Dee: Gosh, that’s really, really unique. I can see how that would work especially well at the moment.

Joel: Absolutely. Especially with people working from home, I think their partners are more involved in their work than ever. So it would be a boost now.

Dee: Yeah. Because your partner kind of becomes your only workmate, I guess.

Joel: Absolutely.

The shift to telehealth adoption

Dee: To kind of broaden things a little bit, how do you feel the health tech industry overall has been affected by COVID? Obviously, it’s a pandemic, but do you feel that there’s been an acceleration of trends that maybe you’ve been observing before?

Joel: Yeah, I think it has brought a few things forward that were always in the works and starting to come about but now hit the forefront. The most obvious and biggest one is telehealth. A lot of clinics went through a lockdown, they weren’t able to operate person to person, and they either wanted to find ways to help people that still needed their services that couldn’t go face to face, or they just wanted to have a way to still bring in some extra revenue to their business and keep themselves relevant and in touch with their patients for when they get to reopen again. I think that largely telehealth has been the answer to both for many clinics.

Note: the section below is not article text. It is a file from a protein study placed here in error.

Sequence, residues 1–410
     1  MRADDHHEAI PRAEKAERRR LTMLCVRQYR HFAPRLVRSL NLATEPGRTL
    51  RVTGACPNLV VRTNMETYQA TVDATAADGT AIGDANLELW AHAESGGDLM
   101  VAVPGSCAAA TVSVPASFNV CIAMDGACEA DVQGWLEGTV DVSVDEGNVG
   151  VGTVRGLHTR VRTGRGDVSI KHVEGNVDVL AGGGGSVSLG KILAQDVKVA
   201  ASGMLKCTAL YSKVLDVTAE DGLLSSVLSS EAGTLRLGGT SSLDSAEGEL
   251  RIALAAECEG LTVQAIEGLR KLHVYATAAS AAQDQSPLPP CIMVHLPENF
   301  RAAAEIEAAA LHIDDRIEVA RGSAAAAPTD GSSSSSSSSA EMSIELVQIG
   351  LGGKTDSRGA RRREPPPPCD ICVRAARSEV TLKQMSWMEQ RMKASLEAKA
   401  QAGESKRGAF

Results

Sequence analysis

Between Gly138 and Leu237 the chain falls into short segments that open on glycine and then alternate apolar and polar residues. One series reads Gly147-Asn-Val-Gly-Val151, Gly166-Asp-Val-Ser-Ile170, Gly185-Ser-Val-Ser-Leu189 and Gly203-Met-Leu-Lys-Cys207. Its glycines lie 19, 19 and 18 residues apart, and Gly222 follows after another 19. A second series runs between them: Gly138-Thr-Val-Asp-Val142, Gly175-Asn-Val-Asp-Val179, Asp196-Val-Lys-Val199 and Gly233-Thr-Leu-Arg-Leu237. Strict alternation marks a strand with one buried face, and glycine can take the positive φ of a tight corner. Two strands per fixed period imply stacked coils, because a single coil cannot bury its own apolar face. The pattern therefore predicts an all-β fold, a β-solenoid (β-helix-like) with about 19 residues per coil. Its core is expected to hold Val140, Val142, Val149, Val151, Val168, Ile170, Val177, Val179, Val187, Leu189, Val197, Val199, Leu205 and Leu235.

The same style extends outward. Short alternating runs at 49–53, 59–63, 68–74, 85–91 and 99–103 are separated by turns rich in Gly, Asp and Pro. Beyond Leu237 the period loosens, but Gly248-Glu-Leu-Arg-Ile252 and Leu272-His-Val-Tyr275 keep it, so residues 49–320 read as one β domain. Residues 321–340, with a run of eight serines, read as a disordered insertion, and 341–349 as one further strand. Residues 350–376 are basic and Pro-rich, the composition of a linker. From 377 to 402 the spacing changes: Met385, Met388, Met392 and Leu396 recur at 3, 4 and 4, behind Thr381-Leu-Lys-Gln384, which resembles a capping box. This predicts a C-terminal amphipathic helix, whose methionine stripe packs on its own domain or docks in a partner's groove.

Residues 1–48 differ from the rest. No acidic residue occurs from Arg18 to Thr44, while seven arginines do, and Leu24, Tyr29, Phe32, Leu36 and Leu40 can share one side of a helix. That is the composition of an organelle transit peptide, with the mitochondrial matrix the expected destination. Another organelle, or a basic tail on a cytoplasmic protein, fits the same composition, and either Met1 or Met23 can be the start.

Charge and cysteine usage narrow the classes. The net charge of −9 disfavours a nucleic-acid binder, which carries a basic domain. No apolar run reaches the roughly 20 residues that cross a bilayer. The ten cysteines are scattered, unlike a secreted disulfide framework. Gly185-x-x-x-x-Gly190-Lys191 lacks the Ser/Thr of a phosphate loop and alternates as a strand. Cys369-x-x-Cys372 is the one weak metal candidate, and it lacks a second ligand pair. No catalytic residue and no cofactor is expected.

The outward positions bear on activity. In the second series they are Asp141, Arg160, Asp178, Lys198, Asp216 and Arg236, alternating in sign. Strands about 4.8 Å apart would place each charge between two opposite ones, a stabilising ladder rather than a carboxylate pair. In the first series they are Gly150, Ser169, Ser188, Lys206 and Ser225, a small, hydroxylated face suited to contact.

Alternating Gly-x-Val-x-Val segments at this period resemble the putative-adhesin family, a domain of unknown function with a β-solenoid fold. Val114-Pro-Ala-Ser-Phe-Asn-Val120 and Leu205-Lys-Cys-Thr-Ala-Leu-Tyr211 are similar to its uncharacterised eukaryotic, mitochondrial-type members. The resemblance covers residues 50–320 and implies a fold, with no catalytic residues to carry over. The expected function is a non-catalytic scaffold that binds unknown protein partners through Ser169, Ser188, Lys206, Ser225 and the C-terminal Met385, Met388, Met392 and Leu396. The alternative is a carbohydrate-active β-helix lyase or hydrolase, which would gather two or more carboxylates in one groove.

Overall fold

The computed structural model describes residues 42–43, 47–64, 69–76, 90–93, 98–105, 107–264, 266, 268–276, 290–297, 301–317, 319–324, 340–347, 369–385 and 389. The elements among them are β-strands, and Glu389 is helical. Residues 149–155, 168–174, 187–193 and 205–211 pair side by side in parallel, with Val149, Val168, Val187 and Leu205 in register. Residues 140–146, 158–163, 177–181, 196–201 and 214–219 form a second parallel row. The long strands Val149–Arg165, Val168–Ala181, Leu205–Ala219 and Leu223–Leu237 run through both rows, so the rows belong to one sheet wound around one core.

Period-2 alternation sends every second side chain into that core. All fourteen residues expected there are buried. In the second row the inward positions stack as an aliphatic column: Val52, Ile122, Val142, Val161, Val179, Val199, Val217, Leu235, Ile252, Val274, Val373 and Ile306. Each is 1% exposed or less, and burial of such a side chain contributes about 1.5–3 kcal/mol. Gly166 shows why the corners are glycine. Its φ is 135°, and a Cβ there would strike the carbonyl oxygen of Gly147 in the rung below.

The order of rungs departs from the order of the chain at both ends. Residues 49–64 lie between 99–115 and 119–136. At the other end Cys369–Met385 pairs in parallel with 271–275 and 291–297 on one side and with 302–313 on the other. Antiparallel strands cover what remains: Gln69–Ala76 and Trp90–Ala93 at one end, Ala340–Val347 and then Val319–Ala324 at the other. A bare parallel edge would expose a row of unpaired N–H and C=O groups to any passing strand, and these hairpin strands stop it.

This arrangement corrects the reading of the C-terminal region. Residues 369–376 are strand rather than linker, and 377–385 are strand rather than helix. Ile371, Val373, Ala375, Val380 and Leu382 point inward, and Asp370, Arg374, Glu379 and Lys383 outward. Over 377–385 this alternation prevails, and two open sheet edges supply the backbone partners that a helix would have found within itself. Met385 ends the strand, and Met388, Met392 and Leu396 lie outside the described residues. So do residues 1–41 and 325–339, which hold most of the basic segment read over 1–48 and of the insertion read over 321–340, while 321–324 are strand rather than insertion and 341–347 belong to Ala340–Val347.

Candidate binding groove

And it’s not that telehealth wasn’t around already, but we’ve brought it forward. The advancement of telehealth has come forward many, many years in the space of the last 12 months. Many clinics have adopted it, tried it out, and I hear from so many that they plan to incorporate it into what they do moving forward. There’s a lot of benefits for telehealth other than the COVID side and the ability to keep operating. There are some places like regional areas that don’t have access to healthcare that could get it via telehealth, and that’s a real enabler for them. There could be people with disabilities or elderly people that aren’t able to leave their homes to go and receive the healthcare they need that could get it via telehealth. There’s a whole range of people that I think it makes healthcare available to.